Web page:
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31st Frankston to Portsea 54.7Km / 34 milesHeld Sunday April 6th 2003 near Melbourne, Australia
All info provided by the Race Director : Kevin Cassidy (email@example.com)
2003 Results - 6th April 2003
It was 5.30 am and quite cold when I was rudely awoken by the alarm. Gathering in the early morning atmosphere at Frankston's Davey Street corner, the incomparable Max Gibbs made an appearance and announced that he was unable to run due to his presence being required at his sister's wedding a little later in the day. As Max has a habit of paying his five dollar entry fee in as many small coins as possible, I was spared the agony of yet another envelope full of two cent pieces!
Local resident, Peter Armistead, fresh from his excellent third position at last November's Colac Six Day Race, was our "guest starter" and his mumbled utterance of the word "GO" saw nine of us hit the road in anticipation of a warm sweaty day with 24 degrees and sunny skies the forecast.
The Frankston to Portsea course never seems to produce fast times. In my 14 year association with this event, I have come to the mind numbing conclusion that the constant undulations in the first half, although not difficult in the early stages, finally take their toll as the kilometres click by.
Mike Wheatley and Mal Grimmett pulled away from the rest of the field and stayed together all the way to Portsea. With given names of Mike and Mal, they were soon dubbed the "Leyland Brothers" ..they didn't quite "travel all over the countryside", but they sure did travel all they way down the Mornington Peninsula at a much more swift speed than the rest of us. A tie for first place meant sharing the traditional bottle of wine. Mike claimed that as Mal was a non drinker, he would be happy to consume the contents and let Mal have the empty bottle!
This course dishes up a bit of everything and at around 18km, the thump, thump, thump of that horrible repetitive noise that teenagers loosely call music was echoing across the paddocks from an old, run down looking abode with a huge sign displaying the words "Santa's Tree Farm". Santa had obviously gone to the North Pole for the day and left three punk like kids alone to terrorise the local area. Running past the Dromana Sunday Market provided the interesting spectacle of highly frenzied individuals obsessed with searching for that imaginary sense of inner satisfaction that can only be achieved by thinking that they have scored a bargain. The sight of these people doing such a thing voluntarily is one I will not forget for a long time.
The journey continued through the bayside towns all the way to the bottom of the Peninsula. Rob McConnochie held off David Spencer in a sprint finish for third place. Rob's presence maintained the South African flavour that has permeated this run over the last four years, he even had a crew of expatriates at the finish cheering him on. Geoff Hook and Peter Gray also provided a close finish with barely a minute between them. Geoff, wearing long red socks and a fluorescent yellow t-shirt looked as if he was on his way to the annual "Worst Dressed Awards", in fact, if he had managed to climb up a tree, he would have looked like an overgrown rosella.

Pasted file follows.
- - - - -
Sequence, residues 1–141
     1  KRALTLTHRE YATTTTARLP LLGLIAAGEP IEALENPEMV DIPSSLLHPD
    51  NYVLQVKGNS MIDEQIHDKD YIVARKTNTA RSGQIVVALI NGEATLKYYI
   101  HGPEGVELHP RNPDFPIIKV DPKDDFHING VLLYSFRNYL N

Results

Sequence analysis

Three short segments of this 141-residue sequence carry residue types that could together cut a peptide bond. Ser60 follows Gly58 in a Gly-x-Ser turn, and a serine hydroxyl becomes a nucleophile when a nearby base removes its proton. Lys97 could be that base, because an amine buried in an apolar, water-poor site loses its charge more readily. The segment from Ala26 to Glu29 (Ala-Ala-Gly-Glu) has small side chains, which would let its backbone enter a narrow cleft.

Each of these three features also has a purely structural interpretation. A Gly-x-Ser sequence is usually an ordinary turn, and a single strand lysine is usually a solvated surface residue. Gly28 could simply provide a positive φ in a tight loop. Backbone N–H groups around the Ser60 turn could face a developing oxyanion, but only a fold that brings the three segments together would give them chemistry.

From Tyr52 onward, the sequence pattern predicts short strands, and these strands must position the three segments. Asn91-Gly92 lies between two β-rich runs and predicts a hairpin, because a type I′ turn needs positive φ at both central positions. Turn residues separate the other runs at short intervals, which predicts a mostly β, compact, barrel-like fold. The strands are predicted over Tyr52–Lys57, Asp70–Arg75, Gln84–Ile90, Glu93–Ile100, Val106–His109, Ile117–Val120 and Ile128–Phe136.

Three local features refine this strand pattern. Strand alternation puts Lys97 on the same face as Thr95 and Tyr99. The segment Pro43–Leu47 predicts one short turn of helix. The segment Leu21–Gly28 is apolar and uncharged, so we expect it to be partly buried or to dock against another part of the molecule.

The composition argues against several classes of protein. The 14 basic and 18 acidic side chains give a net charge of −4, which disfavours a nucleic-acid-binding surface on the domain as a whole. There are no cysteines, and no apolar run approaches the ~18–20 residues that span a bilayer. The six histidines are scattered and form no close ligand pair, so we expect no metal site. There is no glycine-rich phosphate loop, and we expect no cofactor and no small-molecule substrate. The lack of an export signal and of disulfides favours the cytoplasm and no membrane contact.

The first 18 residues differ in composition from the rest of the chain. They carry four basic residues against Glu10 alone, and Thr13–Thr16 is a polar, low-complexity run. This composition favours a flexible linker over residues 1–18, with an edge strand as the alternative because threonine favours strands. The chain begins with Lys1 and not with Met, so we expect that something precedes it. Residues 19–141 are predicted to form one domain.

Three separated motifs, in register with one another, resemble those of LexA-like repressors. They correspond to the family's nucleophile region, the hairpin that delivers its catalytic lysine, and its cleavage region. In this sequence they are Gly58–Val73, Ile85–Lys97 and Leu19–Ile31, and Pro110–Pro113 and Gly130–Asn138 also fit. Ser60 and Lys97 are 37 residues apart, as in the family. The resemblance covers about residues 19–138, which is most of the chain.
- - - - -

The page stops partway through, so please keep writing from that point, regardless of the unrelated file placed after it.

One by one, runners slowly arrived at the finish line at the gates of the old Portsea Army Camp to be met by Ross Shilston. Ross was one of the inaugural runners of this course back in 1973. These days, Ross occupies his weekends as a keen fan of both rugby league and fine arts. A diverse combination to say the least
At the rear of the field, but not giving in, was Kristian Bardsley. If that name sounds familiar to you, then you are obviously a fan of the Australian Football League. Kristian played 60 games with Saint Kilda during the 90's and has the distinction of having been knocked unconscious by the legendary Gary Ablett. A friend of David Spencer's, Kristian had managed a "couple of 20km runs" as preparation. With little other distance running experience, he slugged it out to the finish alongside the biggest group of supporters I have ever seen. I think Kristian had brought along every living relative he could find and all their neighbours as well. They pulled out blankets and baskets of food at the finish and soon had a set up that strongly resembled the Teddy Bear's Picnic.
As is the tradition, all finishers received their blocks of chocolate and the more recently introduced "commemorative mirror". It was the purchase of these mirrors that provided me with an incident I shall never forget. I have to admit to being a cheapskate by visiting the "$2 Shop" during the previous week to stock up on mirrors. I don't mean any disrespect to this particular chain of stores but they do seem to attract a certain breed of customers. There I was standing in the check out queue with my arms laden with mirrors while a pimply faced teenager who had obviously invested heavily in a large container of hair gel, took forever to change the roll of paper in the cash register. Standing in front of me in the queue was a flannelette and moccasin clad woman with at least six hyperactive kids pulling on her legs and grizzling loudly. Finally she lost all patience and let fly at her brood, belting them over their heads and screaming for all to hear .. "IF YOU'SE LOT DON'T BEHAVE, THEN NONE OF YOU'SE AINT BE COMMIN' BACK 'ERE NO MORE". This was an assault on the English language that matched the one she was inflicting on her unfortunate little tykes. The check out attendant stepped back in fright while I dived behind the counter, fearful that my head may be the next in line to make contact with her furious thrashing. When things had finally calmed down, I gave this irksome lot a fleeting glance and hastened my departure.
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